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The Role of Phytoestrogens in Cancer Etiology. Susan E. McCann, PhD, RD Department of Epidemiology Division of Cancer Prevention and Population Sciences Roswell Park Cancer Institute susan.mccann@roswellpark.org. What are phytoestrogens?.

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the role of phytoestrogens in cancer etiology

The Role of Phytoestrogens in Cancer Etiology

Susan E. McCann, PhD, RD

Department of Epidemiology

Division of Cancer Prevention and Population Sciences

Roswell Park Cancer Institute

susan.mccann@roswellpark.org

what are phytoestrogens
What are phytoestrogens?

phy·to·es·tro·gen (plural phy·to·es·tro·gens) noun

Plant sterol: any one of a group of sterols found in plants that can have an effect on the body like that of a hormone. Soybeans and their products contain phytoestrogens.

sources of exogenous estrogen exposure
Sources of Exogenous Estrogen Exposure

Dietary Estrogens

Synthetic

Contaminants

Naturally Occurring

Growth

Promoters

Xeno

estrogens

Lignans

Others

Isoflavonoids

(diethy

lstilboestrol)

Coumestans

Isoflavones

(DDT, PCB)

classification of phytoestrogens
Classification of phytoestrogens
  • Isoflavones
    • Genistein (plant precursor biochanin A)
    • Daidzein (plant precursor formononetin)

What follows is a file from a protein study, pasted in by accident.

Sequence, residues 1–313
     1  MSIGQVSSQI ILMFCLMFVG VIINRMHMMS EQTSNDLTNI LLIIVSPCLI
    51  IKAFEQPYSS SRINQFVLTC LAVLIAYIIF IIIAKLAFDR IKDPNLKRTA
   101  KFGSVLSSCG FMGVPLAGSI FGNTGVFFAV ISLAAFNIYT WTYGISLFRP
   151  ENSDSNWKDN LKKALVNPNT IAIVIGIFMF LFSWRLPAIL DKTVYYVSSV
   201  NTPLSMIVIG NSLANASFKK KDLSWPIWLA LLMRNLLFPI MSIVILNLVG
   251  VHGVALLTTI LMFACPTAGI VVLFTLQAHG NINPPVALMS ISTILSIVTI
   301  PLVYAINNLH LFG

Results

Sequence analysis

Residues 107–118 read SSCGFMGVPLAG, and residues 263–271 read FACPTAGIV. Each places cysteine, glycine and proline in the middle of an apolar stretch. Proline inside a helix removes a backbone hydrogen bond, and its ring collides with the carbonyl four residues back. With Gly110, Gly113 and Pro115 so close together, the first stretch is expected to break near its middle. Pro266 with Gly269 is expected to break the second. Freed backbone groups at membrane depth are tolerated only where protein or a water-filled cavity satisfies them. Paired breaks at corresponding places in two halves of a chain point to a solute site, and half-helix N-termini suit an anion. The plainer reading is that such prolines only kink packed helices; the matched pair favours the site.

• Lignans
    • Enterolactone (plant precursor matairesinol)
    • Enterodiol (plant precursor secoisolariciresinol )
  • Coumestans
food sources isoflavones
Food Sources-Isoflavones
  • Soybeans
    • Soy meal
    • Soy grits
    • Soy flour
    • Tofu, fermented soy products (miso, etc)
    • Soy milk
  • Lentils
  • Dried beans (haricot, broad, kidney, lima)
  • Chickpeas
  • Processed foods (lunch meats, meal replacement beverages, donuts)
food sources lignans
Food Sources-Lignans
  • Flaxseed
  • Whole grain cereals (wheat, wheat germ, barley, hops, rye, rice, brans, oats)
  • Fruits, vegetables, seeds (cherries, apples, pears, stone fruits, sunflower seeds, carrots, fennel, onion, garlic)
  • Beer from hops, bourbon from corn
food sources coumestans
Food Sources-Coumestans
  • Alfalfa sprouts
  • Soybean sprouts
mean urinary excretion of phytoestrogens among different populations

18000

Mean urinary excretion of phytoestrogens among different populations

16000

14000

12000

10000

8000

6000

4000

2000

0

Daidzein

Japanese Women

Finnish Omnivores

Finnish Vegetarians

Enterolactone

Oriental Immigrants

American Omnivores

Finnish Breast Cancer

American Vegetarians

American Macrobiotics

Enterodiol

Adapted from Adlercreutz Bailliere’s Clinical Endocrinology and Metabolism 1998;12(4):605-623

chemical structure lignans
Chemical Structure-Lignans

Enterolactone

Matairesinol

Secoisolariciresinol

Enterodiol

potential mechanisms of action
Potential mechanisms of action
  • Competitive inhibition of endogenous estrogen
  • Stimulation of sex hormone binding globulin synthesis
  • Inhibition of angiogenesis and cell cycle progression
  • Additional anticarcinogenic effects:
    • Aromatase enzyme inhibition
    • Antioxidant properties
potential mechanisms of action1
Potential mechanisms of action
  • At high concentrations, genistein inhibits proliferation of ER-positive MCF-7 breast cancer cell lines
  • At low concentrations, however, genistein stimulates proliferation. Also competes with estradiol for ER binding and stimulates expression of pS2 mRNA